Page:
Continue Reading South Africa Eases COVID-19 Restrictions

On August 15, 2020, the Minister of Cooperative Governance and Traditional Affairs (COGTA) announced the extension of the national state of disaster. The national state of disaster was declared under Government Gazette No 43096 of 15 March 2020 (and extended by Government Gazette Nos 646 of June 5, 2020 and 765 of July 13, 2020), from August 15, 2020 to September 15, 2020. The reason for the extension of the national state of disaster is linked to the need “to continue augmenting the existing legislation and contingency arrangements undertaken by organs of state to address the impact of the disaster”. On the same day, President Cyril Ramaphosa announced a decision to transition the country from Alert Level 3 to Alert Level 2 of the Risk Adjusted Strategy, following consultation with the National Coronavirus Command Council, Cabinet and the President’s Coordinating Council.

Government Gazette No. 43620 sets out the revised restrictions that will govern this period effective 00H01 on August 18, 2020. The following restrictions have been lifted:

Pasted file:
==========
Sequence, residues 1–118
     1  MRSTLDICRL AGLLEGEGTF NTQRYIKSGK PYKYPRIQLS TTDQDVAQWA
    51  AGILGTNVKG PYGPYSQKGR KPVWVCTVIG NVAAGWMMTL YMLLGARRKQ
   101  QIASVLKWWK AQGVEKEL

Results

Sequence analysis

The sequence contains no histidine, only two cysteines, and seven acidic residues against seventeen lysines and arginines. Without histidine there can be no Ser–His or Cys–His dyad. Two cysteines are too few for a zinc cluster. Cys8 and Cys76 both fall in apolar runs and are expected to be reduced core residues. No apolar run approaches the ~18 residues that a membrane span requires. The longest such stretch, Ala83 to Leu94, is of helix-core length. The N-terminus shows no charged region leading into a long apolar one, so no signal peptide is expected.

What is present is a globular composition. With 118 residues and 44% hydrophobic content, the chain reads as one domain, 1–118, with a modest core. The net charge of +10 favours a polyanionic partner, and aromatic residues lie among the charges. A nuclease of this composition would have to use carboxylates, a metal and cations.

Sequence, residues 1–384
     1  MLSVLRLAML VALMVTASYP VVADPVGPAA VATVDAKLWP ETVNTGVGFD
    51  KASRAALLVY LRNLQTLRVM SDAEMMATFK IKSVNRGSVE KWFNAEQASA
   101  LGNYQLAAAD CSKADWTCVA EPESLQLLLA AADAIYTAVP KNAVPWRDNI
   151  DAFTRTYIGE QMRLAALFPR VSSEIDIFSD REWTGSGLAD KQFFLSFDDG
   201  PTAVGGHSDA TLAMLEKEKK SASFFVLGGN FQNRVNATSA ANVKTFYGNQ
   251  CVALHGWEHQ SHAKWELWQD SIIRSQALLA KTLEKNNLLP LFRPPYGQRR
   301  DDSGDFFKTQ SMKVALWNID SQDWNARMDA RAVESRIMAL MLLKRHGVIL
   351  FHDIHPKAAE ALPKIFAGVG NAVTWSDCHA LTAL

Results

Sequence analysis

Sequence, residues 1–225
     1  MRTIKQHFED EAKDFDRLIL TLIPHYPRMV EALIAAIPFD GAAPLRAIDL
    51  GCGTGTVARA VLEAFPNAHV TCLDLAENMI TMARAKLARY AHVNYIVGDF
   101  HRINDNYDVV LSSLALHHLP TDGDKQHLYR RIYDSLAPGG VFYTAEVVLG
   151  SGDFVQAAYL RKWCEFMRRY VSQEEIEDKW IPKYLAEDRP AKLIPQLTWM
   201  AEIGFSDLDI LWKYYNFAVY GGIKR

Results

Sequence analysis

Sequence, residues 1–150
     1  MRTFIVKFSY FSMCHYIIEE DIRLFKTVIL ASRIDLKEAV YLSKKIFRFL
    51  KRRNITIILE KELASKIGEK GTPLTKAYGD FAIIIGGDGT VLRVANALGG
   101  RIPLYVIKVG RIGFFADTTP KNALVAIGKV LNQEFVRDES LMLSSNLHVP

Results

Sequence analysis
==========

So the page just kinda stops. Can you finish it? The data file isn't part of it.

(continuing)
Continue Reading South Africa Eases COVID-19 Restrictions with the Transition to Alert Level 2

Following the declaration of the National State of Disaster on March 15, 2020, a number of regulations have been enacted to contain and minimise the spread of COVID-19 in South Africa. On June 2, 2020, Judge Norman Davis of the South African High Court found the regulations issued in terms of section 27 of the

On May 13, 2020 South African President Cyril Ramaphosa announced the government’s intention to ease restrictions imposed to curb the spread of COVID-19. This announcement comes seven weeks after South Africa first announced a national state of disaster in accordance with the Disaster Management Act, 2002 (Act No. 57 of 2002) (the “Act”).

As part of his ongoing response to the COVID-19, President Ramaphosa announced on April 21 that the South African Government was launching a further R500 billion (approximately $26.3 billion) social and economic stimulus package – the biggest ever once-off stimulus injection in South African history. The President described this giant stimulus as constituting the second

On 6 April, 2020, we published an article outlining South Africa’s initial economic response in support of its already ailing economy against the adverse economic effects of the coronavirus pandemic.  Two weeks have passed since we first published that article, and we think it is prudent to provide this follow-up, outlining the latest developments in